But will he follow his future there? At 14, of course he doesn’t know. At his first practice, the new coach matched him with the older brown boy on the JV for defense. I wondered about this—why, with only two brown boys in the combined JV and C teams with 22 kids all together, does a young white man with an Irish surname match Elijah with a boy I’ll call Jaden? Are they the best two players there? Or does he assume the boys will be comfortable together because they share a similar complexion? Alternatively, could he be shielding the other boys, mostly white but also Chinese, Indian-from-India, and a few of mixed race (a category in which Elijah officially belongs but is never recognized as such due to his appearance) from being guarded by a zealous black boy?

Assuming such blinkered race consciousness in the second decade of the 21st century may sound paranoid, but, as the daughter of a man who fled for his life from his native country solely because he was born a Jew, I judge with caution; others must prove themselves worthy of my trust.

My father, 5 feet tall and fragile by the end of his 87th year, divided human beings into “he who works with his head and he who works with his hands”—the latter category obviously inferior to the former. Handymen were respected and well paid but not admired. Not aspired to. He never opined specifically on professional athletes, though he did adore Jack Nicklaus. If Heinz were still alive, would he be disappointed in his youngest grandson, whose prenatally announced existence so thrilled him?

“A grandfather at 86!” he crowed, as if my late pregnancy, at 39, somehow attested to his own virility. “A child of the twenty-first century,” he called my son or daughter, celebrating such mixed-race status prior to Elijah’s birth.

A young man in Tientsin during the 1940s, Heinz had fallen in love with a Chinese woman, but both concluded it out of the question to marry, as they wanted children, and in that time and place, children of mixed race suffered, looked down upon by both groups who saw in the mélange evidence of traitorous behavior on the part of each parent. Eventually, Heinz came to America in 1949, where a child like Elijah was not only possible, but, on the cusp of the new millennium, fifty years later, longed for. Beloved.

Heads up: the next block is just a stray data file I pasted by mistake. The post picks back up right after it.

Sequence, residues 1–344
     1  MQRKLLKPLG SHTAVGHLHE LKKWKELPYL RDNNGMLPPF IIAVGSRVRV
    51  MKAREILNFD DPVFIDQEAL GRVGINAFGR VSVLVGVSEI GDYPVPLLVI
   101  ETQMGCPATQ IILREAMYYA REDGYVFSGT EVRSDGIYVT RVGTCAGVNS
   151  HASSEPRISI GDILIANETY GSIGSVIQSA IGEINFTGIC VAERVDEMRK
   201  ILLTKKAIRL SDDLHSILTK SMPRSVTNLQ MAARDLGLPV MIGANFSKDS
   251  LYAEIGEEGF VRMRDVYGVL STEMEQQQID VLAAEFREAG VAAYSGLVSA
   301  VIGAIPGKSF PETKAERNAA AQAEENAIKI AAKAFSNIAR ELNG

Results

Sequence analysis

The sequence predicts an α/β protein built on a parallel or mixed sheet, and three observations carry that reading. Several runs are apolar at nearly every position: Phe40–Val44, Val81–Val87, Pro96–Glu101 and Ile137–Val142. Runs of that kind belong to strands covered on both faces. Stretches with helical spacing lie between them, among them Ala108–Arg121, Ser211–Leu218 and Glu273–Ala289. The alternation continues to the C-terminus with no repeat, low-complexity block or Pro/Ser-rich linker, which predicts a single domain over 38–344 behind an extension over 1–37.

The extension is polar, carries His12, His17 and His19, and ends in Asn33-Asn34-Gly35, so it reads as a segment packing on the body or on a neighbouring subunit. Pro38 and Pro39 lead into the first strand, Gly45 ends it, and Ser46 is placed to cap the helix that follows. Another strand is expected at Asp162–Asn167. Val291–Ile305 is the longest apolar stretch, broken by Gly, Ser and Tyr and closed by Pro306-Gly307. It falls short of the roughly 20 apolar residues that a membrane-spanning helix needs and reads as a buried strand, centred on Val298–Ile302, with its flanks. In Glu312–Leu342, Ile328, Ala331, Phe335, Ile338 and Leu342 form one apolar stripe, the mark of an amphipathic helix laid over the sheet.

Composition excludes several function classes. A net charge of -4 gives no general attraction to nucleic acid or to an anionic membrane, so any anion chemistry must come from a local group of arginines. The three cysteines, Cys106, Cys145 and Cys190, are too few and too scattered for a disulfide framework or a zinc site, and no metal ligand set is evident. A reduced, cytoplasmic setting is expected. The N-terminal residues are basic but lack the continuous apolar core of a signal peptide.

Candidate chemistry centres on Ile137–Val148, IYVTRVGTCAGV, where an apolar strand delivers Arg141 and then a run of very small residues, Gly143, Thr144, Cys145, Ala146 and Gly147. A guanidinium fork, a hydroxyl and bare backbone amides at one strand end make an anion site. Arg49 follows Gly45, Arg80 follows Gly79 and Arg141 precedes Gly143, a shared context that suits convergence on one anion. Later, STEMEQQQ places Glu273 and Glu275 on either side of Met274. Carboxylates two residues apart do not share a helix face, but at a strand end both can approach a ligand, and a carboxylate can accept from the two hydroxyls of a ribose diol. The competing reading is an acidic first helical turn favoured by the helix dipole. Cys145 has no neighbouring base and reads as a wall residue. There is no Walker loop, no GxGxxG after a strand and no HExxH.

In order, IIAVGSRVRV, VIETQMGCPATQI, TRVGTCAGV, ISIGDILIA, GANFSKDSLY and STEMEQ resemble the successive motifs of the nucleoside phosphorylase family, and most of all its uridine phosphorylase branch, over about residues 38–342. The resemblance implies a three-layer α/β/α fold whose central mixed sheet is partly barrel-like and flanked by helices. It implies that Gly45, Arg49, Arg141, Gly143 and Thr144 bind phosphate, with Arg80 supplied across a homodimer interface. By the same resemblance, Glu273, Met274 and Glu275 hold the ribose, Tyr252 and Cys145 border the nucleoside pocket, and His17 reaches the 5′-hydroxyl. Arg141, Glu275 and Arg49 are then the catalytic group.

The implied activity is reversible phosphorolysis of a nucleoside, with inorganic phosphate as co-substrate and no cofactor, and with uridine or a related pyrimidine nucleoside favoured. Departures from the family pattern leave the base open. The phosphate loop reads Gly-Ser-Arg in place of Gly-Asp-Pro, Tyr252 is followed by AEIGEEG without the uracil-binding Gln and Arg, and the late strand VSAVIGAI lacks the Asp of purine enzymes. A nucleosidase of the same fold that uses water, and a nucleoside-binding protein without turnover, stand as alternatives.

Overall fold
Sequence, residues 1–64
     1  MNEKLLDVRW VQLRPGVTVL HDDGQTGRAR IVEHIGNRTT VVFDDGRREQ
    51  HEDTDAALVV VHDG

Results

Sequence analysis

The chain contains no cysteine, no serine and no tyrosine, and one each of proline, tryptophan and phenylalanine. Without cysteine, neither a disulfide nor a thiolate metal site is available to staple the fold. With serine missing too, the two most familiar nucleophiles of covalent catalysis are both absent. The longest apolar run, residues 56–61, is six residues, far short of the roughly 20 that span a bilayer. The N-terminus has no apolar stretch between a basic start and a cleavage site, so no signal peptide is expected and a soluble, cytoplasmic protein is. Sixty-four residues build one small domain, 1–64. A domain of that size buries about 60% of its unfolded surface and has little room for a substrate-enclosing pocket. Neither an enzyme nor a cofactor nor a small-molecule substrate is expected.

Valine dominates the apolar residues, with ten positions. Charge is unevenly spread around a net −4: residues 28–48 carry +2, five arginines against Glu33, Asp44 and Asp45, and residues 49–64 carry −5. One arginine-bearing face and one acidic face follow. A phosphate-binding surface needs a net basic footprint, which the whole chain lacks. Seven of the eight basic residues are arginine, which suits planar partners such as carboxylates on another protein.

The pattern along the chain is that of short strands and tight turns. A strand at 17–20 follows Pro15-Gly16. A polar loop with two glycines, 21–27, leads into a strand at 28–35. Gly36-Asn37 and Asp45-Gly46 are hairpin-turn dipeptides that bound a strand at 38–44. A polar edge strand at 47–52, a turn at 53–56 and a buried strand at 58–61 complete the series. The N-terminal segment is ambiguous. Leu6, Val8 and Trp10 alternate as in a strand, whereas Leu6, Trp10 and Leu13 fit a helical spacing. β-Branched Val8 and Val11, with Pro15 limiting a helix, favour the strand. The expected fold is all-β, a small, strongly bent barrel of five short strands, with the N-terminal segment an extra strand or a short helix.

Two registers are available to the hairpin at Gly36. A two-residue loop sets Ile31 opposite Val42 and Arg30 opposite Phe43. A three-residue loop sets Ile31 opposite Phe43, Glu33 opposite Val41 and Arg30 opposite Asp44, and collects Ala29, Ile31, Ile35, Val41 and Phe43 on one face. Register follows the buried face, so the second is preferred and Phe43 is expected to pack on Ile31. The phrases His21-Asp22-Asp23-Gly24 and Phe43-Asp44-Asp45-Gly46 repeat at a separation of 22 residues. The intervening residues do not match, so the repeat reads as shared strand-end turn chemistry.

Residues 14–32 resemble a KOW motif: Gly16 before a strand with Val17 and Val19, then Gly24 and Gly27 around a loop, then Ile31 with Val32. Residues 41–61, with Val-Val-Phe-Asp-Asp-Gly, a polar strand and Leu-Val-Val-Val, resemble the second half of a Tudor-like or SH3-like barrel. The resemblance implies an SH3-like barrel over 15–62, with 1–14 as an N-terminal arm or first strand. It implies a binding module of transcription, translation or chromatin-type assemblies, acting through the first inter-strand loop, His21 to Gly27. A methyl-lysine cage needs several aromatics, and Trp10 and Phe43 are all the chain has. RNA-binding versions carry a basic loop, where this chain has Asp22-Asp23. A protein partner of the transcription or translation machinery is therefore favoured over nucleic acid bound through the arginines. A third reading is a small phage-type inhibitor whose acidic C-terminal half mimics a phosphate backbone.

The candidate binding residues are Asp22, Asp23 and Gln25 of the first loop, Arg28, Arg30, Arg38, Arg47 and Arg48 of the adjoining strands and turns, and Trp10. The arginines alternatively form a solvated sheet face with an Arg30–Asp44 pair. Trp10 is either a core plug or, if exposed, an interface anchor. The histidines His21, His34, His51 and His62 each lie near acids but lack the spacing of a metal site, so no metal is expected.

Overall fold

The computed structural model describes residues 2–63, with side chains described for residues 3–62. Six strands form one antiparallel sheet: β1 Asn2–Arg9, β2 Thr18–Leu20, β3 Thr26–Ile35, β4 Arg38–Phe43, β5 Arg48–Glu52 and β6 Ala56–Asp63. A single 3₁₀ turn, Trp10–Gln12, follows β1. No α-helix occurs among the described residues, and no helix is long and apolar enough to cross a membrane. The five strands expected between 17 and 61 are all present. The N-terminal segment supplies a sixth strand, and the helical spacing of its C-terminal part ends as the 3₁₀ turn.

My mother also bequeathed a college fund for my son. Elijah need not worry about affording the university of his choice. Yet adults felt free to say to me, “He’ll be able to get in on affirmative action!”

Basketball scholarships are what Elijah wants. This way he can stand with the other brown boys, ravenous for recognition, eager to earn it. The more I learn about basketball, the more complex it seems; the 32-page book of plays he is required to memorize before his first game, complete with notations and abbreviations on the margins, seemed to me similar to sheet music, a language I never learned, unable to master the time signature or play an instrument. Elijah possesses that gift too and might have mastered his horn had he chosen music, but he scorns band, labels it “girly,” in favor of sports.

In his new world of multihued teammates and competition, he can’t be Hot Chocolate anymore. The other teams have boys darker chocolate than he, offering the obvious lesson of context. Nor is he the best anymore—not the most talented, best looking, most able, most dedicated. On the opposing teams are hungry boys, for whom the basketball scholarship is the proverbial ticket out of poverty, a chance for mothers like Gloria James to prosper. LeBron’s story is not Elijah’s story though it is that narrative strangers conjure when they observe him playing.

Today, he said he was glad to be relieved of that possibility. “Everyone plays so hard here, Mom.” This afternoon, his team gained their first victory and suffered their first defeat, pre-season. In the huge city gym, parents black and white and of all intermediate shades and hues commingled, their common focus the every-colored boys on the paint, vying for the ball.

Annie Dawid teaches creative writing at the University College, University of Denver. She was professor of English and Director of Creative Writing at Lewis & Clark College in Portland, OR, 1990-2006.
Annie won the 2016 International Rubery Award in fiction for her first book and the Music Prize from Knuthouse Press in Fiction. Other awards include the Dana Award in the Essay, the Orlando Flash Fiction Award, The New Rocky Mountain VoicesAward (drama) and the Northern Colorado Award in Creative Non-Fiction.
Most recent publications: Brilliant Flash Fiction, Tikkun, Windmill, and “Jonestown, Japantown,” in Joyland: San Francisco, and a poetry chapbook, Anatomie of the World, Finishing Line Press, 2017.
Forthcoming poems in Ache magazine, UK, print & online, fiction in Fictive Dream (UK) and Casket of Fictional Delights (UK).
Multiple websites feature her short works, including TubeFlash, RetreatWest,
Spelk, Octavius, Nowhere, WeSaidGoTravel, Structo, Fiction Attic Press and others.
Her three published volumes of fiction are:
York Ferry: A Novel, Cane Hill Press, 1993, second printing
Lily in the Desert: Stories, Carnegie-Mellon University Press, 2001
And Darkness Was Under His Feet: Stories of a Family, Litchfield Review Press, 2009